The primary evaluation of risk is the modified 10-year Framingham Risk Score (FRS). Considering the overlap in risk factors for diabetes, a simultaneous evaluation of cardiometabolic risk for diabetes might be useful to motivate lifestyle changes. It is well known that a 10-year risk does not fully account for risk in younger individuals. In these individuals, the calculation of a Cardiovascular Age has been shown to motivate subjects to achieve risk factor targets.

Levels of Risk

Low Risk (LR)

See Figure 2 in the original guideline document.

  1. The expert panel recommends pharmacotherapy in LR individuals with low-density-lipoprotein cholesterol (LDL-C) ≥5.0 mmol/L, or if there is evidence of genetic dyslipidemia (such as familial hypercholesterolemia) (Strong Recommendation, Moderate-Quality Evidence).
  2. The expert panel recommends ≥50% reduction of LDL-C in LR individuals for whom treatment is initiated (Strong Recommendation, Moderate-Quality Evidence).

Values and Preferences

This recommendation is unchanged from previous guidelines. Considering relatively less trial evidence in this group of subjects, individual practice will vary and will be dependent on the wishes of the patient and evaluation of the treating clinician. Subjects with a risk in the higher end of this category can have the risks/benefits of statin therapy discussed and might be offered statin therapy based on patient wishes and/or the judicious use of secondary testing.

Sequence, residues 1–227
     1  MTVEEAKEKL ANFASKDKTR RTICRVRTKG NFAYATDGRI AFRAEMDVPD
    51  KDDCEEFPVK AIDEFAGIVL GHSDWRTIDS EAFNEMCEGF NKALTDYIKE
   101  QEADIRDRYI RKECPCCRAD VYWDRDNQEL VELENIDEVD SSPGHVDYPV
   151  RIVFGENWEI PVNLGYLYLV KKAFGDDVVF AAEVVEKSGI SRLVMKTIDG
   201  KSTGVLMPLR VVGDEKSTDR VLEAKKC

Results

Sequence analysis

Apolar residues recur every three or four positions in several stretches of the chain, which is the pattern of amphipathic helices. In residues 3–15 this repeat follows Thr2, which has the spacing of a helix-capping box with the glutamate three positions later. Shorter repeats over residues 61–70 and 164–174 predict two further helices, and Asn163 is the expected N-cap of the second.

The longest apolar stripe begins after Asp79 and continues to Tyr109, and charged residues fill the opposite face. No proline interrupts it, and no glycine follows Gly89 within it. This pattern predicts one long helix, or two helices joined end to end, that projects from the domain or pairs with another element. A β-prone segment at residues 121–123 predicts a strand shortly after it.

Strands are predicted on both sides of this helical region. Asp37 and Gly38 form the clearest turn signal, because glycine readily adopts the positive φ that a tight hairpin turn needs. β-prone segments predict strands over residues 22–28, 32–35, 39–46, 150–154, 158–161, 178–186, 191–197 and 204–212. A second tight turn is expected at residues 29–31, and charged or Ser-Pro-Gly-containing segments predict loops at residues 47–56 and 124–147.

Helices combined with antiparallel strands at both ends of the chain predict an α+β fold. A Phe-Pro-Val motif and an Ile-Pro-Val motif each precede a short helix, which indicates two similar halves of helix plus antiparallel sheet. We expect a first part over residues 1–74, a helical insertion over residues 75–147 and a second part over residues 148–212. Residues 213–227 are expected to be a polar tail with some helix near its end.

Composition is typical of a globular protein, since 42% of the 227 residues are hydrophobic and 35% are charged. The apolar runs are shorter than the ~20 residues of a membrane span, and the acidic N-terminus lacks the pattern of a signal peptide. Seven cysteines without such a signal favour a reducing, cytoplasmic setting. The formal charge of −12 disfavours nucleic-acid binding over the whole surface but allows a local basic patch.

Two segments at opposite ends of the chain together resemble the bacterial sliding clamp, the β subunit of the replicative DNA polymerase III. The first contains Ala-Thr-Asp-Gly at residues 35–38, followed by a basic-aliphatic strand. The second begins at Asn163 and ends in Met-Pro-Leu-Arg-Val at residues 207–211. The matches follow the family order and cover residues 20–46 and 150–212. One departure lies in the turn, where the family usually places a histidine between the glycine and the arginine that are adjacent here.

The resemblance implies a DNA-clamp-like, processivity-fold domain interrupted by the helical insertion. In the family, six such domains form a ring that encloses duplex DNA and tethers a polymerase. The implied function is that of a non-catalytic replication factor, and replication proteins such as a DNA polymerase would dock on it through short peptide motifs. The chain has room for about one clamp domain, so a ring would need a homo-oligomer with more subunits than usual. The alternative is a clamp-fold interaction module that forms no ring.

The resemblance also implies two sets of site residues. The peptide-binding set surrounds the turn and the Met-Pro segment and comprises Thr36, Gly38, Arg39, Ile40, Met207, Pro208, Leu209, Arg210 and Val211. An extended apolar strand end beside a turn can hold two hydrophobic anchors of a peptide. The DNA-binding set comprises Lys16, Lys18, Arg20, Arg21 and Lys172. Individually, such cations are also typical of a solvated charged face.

Intermediate Risk (IR)

See Figure 3 in the original guideline document.

  1. The expert panel recommends that the IR category include individuals with adjusted FRS ≥10% and <20% (Strong Recommendation, Moderate-Quality Evidence).
  2. The expert panel recommends treating IR individuals with LDL-C ≥3.5 mmol/L (Strong Recommendation, Moderate-Quality Evidence).
  3. In IR individuals with LDL-C <3.5 mmol/L, apolipoprotein B (apo B) ≥1.2 g/L, or non-high-density-lipoprotein cholesterol (non-HDL-C) ≥4.3 mmol/L is suggested to identify patients who might benefit from pharmacotherapy (Strong Recommendation, Moderate-Quality Evidence).
  4. The expert panel recommends a target LDL-C ≤2.0 mmol/L or ≥50% reduction of LDL-C for IR individuals in whom treatment is initiated (Strong Recommendation, Moderate-Quality Evidence). Alternative target variables are apo B ≤0.8 g/L or non-HDL-C ≤2.6 mmol/L (Strong Recommendation, Moderate-Quality Evidence).

Values and Preferences

Non-HDL-C has been added as a second alternate treatment target because apo B is not available in some jurisdictions. Non-HDL-C is available without any additional cost or testing and there are increasing data to demonstrate its potential value. Therefore, it was decided to increase its profile in the guidelines. It is particularly useful where apo B is not available and in patients whose triglyceride level is greater than 1.5 mmol/L.

High Risk (HR)